Theorem(cf. Mann–Rafi Theorem 1.9, Proposition 2.8, Lemma 5.2). Suppose that $\Sigma$ contains a finite-type nondisplaceable subsurface $S$ . Then $\operatorname{Map}(\Sigma)$ is not coarsely bounded. More generally, if $S$ is sufficiently complex as measured by the Euler characteristic of each of its components, any subgroup of $\operatorname{Map}(\Sigma)$ containing the mapping classes supported on $S$ is not coarsely bounded in $\operatorname{Map}(\Sigma)$ .

We finish this post by sketching the idea of the proof,
with the simplifying assumption that $S$
is a connected finite-type subsurface of $\Sigma$
with the property that every homeomorphism of $\Sigma$
leaves $S$
invariant up to isotopy
and such that the *curve graph* of $S$
is connected and has infinite diameter.

The *curve graph* $\mathcal{C}(S)$
of a finite-type surface $S$
is the simplicial graph
with vertex set the set of isotopy classes of *essential, simple* closed curves on $S$
,
where a curve is *essential* if it is not null-homotopic nor homotopic
to a puncture or boundary component of $S$
,
and *simple* if it does not intersect itself.
Two vertices (essential simple closed curves) $\gamma_1$
and $\gamma_2$
are adjacent in
$\mathcal{C}(S)$
if and only if $\gamma_1$
and $\gamma_2$
have disjoint representatives.
It is an important fact in geometric group theory that if $S$
is not drawn from a finite list of exceptions,
$\mathcal{C}(S)$
with the *graph metric* assigning each edge length one
is connected, infinite-diameter and Gromov hyperbolic,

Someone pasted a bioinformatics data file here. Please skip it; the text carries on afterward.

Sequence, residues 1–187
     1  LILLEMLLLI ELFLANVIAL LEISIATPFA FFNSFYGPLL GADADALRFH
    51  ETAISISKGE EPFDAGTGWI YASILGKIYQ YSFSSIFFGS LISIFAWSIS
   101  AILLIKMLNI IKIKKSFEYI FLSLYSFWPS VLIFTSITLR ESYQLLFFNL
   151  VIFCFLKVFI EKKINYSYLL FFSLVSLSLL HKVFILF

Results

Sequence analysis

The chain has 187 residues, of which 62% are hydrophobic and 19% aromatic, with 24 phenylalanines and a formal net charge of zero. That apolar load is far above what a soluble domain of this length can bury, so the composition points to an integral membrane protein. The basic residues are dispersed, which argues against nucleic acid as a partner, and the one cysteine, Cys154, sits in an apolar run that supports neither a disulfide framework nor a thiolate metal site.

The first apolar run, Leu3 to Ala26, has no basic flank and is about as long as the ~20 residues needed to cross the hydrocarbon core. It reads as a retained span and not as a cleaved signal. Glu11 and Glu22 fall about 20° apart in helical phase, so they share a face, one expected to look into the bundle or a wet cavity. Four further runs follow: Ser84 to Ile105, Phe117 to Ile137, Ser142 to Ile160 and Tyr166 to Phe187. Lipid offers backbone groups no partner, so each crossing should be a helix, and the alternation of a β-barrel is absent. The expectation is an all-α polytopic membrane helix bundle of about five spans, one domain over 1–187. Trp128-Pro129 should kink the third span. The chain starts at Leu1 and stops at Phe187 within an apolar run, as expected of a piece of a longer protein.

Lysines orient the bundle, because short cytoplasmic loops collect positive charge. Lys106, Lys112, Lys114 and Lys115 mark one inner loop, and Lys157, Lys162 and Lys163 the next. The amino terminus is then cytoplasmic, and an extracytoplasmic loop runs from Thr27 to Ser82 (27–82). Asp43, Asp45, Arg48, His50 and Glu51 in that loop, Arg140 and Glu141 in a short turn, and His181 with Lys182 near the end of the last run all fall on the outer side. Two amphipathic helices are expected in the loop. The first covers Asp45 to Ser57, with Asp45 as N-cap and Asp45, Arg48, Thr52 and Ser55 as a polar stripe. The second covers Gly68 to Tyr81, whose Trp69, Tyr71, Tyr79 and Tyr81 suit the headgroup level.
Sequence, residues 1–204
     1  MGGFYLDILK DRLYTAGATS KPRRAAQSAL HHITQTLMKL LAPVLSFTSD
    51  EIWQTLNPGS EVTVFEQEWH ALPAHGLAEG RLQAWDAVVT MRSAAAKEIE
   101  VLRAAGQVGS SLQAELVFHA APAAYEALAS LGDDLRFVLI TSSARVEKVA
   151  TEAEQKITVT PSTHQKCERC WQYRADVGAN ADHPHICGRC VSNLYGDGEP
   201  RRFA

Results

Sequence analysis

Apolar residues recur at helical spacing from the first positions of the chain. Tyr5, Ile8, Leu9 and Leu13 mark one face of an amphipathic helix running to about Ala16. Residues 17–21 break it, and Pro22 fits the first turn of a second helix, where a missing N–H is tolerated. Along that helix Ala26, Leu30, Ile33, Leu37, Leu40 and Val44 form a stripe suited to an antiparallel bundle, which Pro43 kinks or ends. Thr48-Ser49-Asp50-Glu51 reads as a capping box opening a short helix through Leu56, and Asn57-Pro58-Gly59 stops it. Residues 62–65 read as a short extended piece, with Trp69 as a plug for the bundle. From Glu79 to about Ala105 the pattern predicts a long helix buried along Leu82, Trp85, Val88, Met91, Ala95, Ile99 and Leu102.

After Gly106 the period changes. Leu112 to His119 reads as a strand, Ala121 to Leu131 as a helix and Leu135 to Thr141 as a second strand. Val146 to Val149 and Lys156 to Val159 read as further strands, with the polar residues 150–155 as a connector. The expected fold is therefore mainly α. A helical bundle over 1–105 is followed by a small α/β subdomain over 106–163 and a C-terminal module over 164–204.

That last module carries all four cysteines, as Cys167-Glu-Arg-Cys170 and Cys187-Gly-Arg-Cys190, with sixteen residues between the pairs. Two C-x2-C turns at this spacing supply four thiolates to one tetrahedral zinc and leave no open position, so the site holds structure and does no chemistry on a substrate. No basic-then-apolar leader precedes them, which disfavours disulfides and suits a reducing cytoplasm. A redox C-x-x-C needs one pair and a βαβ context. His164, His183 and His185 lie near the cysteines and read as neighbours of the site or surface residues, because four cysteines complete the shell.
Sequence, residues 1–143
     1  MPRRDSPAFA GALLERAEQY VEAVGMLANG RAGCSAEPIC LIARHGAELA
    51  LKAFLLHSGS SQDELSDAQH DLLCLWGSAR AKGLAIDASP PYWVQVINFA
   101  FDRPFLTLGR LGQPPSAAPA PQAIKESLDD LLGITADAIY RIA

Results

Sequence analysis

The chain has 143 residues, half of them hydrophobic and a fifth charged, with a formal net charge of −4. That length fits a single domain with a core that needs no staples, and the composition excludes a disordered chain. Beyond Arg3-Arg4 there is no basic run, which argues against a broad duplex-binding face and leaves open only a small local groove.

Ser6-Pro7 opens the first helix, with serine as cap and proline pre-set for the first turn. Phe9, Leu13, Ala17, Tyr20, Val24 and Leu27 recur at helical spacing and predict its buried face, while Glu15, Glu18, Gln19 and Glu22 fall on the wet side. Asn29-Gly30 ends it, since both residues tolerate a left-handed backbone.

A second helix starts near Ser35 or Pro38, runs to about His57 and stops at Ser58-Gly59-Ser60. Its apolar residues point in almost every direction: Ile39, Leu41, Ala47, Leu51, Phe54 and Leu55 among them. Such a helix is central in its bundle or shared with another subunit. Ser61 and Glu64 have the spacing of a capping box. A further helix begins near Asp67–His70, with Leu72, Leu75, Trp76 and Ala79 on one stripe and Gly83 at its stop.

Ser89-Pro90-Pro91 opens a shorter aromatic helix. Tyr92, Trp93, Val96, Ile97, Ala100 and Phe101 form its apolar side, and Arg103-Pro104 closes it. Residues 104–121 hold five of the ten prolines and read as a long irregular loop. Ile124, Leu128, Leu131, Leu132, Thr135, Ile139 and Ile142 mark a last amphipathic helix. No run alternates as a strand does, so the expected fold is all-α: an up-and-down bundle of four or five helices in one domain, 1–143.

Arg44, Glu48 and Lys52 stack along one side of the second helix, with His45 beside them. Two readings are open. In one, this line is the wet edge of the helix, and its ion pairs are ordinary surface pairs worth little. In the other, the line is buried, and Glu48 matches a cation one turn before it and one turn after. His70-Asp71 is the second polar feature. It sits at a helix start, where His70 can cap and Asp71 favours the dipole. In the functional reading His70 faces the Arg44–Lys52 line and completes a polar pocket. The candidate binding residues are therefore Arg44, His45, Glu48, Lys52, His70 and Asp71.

that $\operatorname{Map}(S)$
acts on $\mathcal{C}(S)$
by isometries
and that a certain class of elements $f$
of $\operatorname{Map}(S)$
called *pseudo-Anosov* mapping classes
act on $\mathcal{C}(S)$
with positive stable translation length,
in the sense that

for some and hence every vertex $\gamma$ of $\mathcal{C}(S)$ . There exist such a pseudo-Anosov mapping classes with representatives that may be taken to restrict to the identity on the boundary of $S$ .

Anyway, in the special case where every homeomorphism of $\Sigma$ leaves the isotopy class of $S$ invariant, restriction to $S$ defines a continuous action of $\operatorname{Map}(\Sigma)$ on $\mathcal{C}(S)$ . If a homeomorphism $f \colon S \to S$ restricts to the identity on $\partial S$ , extending by the identity on $\Sigma - S$ defines a homeomorphism (and thus a mapping class) of $\Sigma$ whose action on $\mathcal{C}(S)$ agrees with the action of $[f]$ . Taking $f$ to be pseudo-Anosov on $S$ proves that $\operatorname{Map}(\Sigma)$ does not have bounded orbits in the action on $\mathcal{C}(S)$ , so $\operatorname{Map}(\Sigma)$ and any subgroup containing the extension of $f$ to $\Sigma$ , for example $U_R$ for some finite-type subsurface $R$ whose isotopy class is disjoint from that of $S$ , is not coarsely bounded in $\operatorname{Map}(\Sigma)$ .

## Examples

Suppose as a first case that $0 < \operatorname{genus}(\Sigma) < \infty$ . Then any finite-type subsurface $S$ of $\Sigma$ with genus equal to that of $\Sigma$ is nondisplaceable for the reason that it contains all the isotopy classes of essential simple closed curves of $\Sigma$ that are non-separating, and homeomorphisms send non-separating curves to non-separating curves.

As another example, suppose $\Sigma$ has at least three but finitely many maximal ends, in the sense of the preorder introduced in the previous post. Then any finite-type subsurface which separates each maximal end from each other is nondisplaceable. As an example, the subsurface indicated in the figure below separates the maximal ends of the subsurface considered in the previous post. It is certainly not the only such subsurface.